National Council of Educational Research and Training (NCERT) was formed in 1961 by Indian government by merging seven existing national government institutions, namely the Central Institute of Education, the Central Bureau of Textbook Research, the Central Bureau of Educational and Vocational Guidance, the Directorate of Extension Programmes for Secondary Education, the National Institute of Basic Education, the National Fundamental Education Centre, and the National Institute of Audio-Visual Education. Its main focus is to research and improve the quality of school education in India. NCERT started its operation on 1st September 1961. NCERT is a literary, scientific and charitable Society under the Societies’ Registration Act (Act XXI of 1860). Its headquarters are located at Sri Aurobindo Marg in New Delhi. Its current director from September 2015 is Dr Hrushikesh Senapaty. The council acts as the Secretariat of the National Development Group for Educational Innovations. The council has been offering training facilities, usually through attachment programmes and participation in workshops, to education workers in other countries. The council publishes textbooks for school subjects from Classes I to XII. NCERT publishes books & provides sample question papers that are used in government and private schools across India that follow the CBSE curriculum
Prescribed books by the Central Board of Secondary Education (CBSE) from classes I to XII, is published by NCERT. Online textbooks can be downloaded from the pathshala website. Those who wish to adopt the textbooks are required to send a request to NCERT, upon which soft copies of the books are received. The material is press-ready and may be printed by paying a 5% royalty, and by acknowledging NCERT. Ncert book is the least expensive and is coloured fine material books. According to a government policy decision in 2017, the NCERT will have the exclusive task of publishing central textbooks from 2018, and the role of CBSE will be limited to conducting examinations. NCERT logo was designed with the help of an Ashokan period relic of the 3rd century BCE which was found in excavations near Maske in Raichur district, Karnataka. The goal has been taken from the Isha Upanishad and means ‘life eternal through learning’. The intertwined hands symbolize the integration of the three aspects of the work of NCERT:
1. Research and development
Main objectives of NCERT are as follow:
- To promote and conduct educational research, experimentation of innovative ideas and practice.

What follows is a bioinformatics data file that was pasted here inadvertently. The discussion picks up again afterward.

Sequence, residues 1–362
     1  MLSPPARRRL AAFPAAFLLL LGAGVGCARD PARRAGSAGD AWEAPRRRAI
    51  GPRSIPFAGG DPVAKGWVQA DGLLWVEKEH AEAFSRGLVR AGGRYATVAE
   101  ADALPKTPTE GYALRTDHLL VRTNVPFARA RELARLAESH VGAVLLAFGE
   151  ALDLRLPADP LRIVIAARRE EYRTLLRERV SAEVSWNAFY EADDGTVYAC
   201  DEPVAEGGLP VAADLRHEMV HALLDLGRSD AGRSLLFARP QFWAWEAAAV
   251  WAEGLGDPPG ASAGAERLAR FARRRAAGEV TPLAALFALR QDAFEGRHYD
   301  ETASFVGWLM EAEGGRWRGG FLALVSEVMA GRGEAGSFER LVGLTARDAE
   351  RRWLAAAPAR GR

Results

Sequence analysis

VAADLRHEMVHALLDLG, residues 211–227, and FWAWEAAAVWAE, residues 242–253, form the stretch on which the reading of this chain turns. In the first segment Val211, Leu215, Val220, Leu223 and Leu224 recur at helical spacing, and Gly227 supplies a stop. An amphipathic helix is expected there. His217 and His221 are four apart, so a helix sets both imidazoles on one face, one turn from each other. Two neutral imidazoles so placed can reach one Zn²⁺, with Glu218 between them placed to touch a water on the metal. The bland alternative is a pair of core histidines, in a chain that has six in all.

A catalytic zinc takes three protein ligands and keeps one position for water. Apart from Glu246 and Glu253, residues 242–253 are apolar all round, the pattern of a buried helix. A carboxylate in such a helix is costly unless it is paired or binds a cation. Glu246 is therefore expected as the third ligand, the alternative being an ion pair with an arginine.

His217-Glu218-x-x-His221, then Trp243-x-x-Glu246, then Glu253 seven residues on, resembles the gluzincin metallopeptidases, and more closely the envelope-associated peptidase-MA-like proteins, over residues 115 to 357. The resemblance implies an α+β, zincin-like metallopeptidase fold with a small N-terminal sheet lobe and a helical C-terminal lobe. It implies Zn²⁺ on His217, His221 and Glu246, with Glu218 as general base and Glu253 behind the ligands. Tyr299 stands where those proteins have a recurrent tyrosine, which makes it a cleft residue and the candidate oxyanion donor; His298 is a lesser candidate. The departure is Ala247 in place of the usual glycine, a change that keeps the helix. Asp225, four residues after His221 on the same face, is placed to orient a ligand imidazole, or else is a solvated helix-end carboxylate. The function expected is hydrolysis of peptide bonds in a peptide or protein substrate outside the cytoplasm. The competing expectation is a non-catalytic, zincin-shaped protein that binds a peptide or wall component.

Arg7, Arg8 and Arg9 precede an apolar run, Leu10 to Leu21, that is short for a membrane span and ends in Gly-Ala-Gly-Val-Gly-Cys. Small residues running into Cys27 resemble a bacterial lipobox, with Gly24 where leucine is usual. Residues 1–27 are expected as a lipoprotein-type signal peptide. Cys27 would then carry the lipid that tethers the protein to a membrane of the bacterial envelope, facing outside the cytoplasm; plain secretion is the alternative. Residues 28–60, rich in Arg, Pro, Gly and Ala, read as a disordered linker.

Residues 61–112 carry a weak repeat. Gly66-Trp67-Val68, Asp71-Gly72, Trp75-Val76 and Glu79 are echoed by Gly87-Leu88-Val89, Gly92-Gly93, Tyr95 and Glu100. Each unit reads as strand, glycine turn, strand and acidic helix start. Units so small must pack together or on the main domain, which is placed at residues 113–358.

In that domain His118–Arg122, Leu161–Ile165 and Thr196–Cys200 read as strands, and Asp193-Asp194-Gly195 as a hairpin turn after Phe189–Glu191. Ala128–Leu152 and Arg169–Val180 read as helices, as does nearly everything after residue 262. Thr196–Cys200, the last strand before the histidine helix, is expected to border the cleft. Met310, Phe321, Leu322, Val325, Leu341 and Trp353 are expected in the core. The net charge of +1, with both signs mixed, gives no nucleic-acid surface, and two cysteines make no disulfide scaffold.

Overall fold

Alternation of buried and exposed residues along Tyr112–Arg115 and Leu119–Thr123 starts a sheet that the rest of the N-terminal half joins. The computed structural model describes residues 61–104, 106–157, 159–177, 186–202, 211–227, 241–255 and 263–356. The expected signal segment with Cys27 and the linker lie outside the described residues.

- To develop a National Curriculum Framework (NCF 2005), syllabi, and textbooks; teaching-learning materials and kits; training models and strategies; audio, video, and ICT materials.
- Training of Pre-service and in-service teacher education and national and state level functionaries.
- To collaborate with State, national and international organizations
The Curriculum for the Ten-year school: This framework came in 1975. It emphasized that a curriculum based on the principles laid out in the framework has to be developed on the basis of research. Thus for NCERT, the 1970s was a decade flushed with curriculum research and development activities to relate the content and process of education to Indian realities.
National Curriculum for Elementary and Secondary Education: This revised curriculum framework came in 1988 after the National Policy on Education(1986).It encompassed 12 years of school education and suggested a reorientation of curricular and instructional materials to make them more child-centred.
National Curriculum Framework for School Education: This framework came in 2000. It stressed the need for a healthy, enjoyable and stress-free childhood and reduction of the curricular load. Thus an integrated and thematic approach was suggested, environmental education was emphasized upon and language and mathematics got integrated in the first two years of schooling.
National Curriculum Framework: The council came up with a new National Curriculum Framework in 2005, drafted by a National Steering Committee. This exercise was based on 5 guiding principles:
- connecting knowledge to live outside of school
- the shift from the rote method of learning
- enriching the curriculum for the overall development of children so that it goes beyond textbooks
- making examinations flexible and integrating them with classroom life and
- nurturing an identity informed by caring concerns